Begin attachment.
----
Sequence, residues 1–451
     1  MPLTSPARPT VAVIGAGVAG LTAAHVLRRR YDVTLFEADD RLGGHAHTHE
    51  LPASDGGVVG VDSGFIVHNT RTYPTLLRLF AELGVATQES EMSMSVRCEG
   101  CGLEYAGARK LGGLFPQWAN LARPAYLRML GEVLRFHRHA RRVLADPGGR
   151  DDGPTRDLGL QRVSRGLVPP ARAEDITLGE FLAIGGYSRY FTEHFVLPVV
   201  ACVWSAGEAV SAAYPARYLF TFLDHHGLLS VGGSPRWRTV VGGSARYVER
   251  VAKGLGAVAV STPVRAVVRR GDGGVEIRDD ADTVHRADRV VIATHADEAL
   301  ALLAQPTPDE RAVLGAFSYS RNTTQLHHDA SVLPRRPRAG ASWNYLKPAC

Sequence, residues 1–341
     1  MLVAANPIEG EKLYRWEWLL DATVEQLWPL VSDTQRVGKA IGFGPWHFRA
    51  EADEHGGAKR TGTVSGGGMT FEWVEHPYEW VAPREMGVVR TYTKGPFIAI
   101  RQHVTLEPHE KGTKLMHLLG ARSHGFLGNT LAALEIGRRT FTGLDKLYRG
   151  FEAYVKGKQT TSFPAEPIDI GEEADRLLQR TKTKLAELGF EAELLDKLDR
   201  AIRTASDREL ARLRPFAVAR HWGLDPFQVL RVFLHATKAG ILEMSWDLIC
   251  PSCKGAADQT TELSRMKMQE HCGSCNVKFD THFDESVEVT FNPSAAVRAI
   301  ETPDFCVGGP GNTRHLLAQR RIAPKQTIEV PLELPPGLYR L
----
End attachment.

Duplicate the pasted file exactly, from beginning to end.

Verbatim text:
Sequence, residues 1–451
     1  MPLTSPARPT VAVIGAGVAG LTAAHVLRRR YDVTLFEADD RLGGHAHTHE
    51  LPASDGGVVG VDSGFIVHNT RTYPTLLRLF AELGVATQES EMSMSVRCEG
   101  CGLEYAGARK LGGLFPQWAN LARPAYLRML GEVLRFHRHA RRVLADPGGR
   151  DDGPTRDLGL QRVSRGLVPP ARAEDITLGE FLAIGGYSRY FTEHFVLPVV
   201  ACVWSAGEAV SAAYPARYLF TFLDHHGLLS VGGSPRWRTV VGGSARYVER
   251  VAKGLGAVAV STPVRAVVRR GDGGVEIRDD ADTVHRADRV VIATHADEAL
   301  ALLAQPTPDE RAVLGAFSYS RNTTQLHHDA SVLPRRPRAG ASWNYLKPAC

Sequence, residues 1–341
     1  MLVAANPIEG EKLYRWEWLL DATVEQLWPL VSDTQRVGKA IGFGPWHFRA
    51  EADEHGGAKR TGTVSGGGMT FEWVEHPYEW VAPREMGVVR TYTKGPFIAI
   101  RQHVTLEPHE KGTKLMHLLG ARSHGFLGNT LAALEIGRRT FTGLDKLYRG
   151  FEAYVKGKQT TSFPAEPIDI GEEADRLLQR TKTKLAELGF EAELLDKLDR
   201  AIRTASDREL ARLRPFAVAR HWGLDPFQVL RVFLHATKAG ILEMSWDLIC
   251  PSCKGAADQT TELSRMKMQE HCGSCNVKFD THFDESVEVT FNPSAAVRAI
   301  ETPDFCVGGP GNTRHLLAQR RIAPKQTIEV PLELPPGLYR L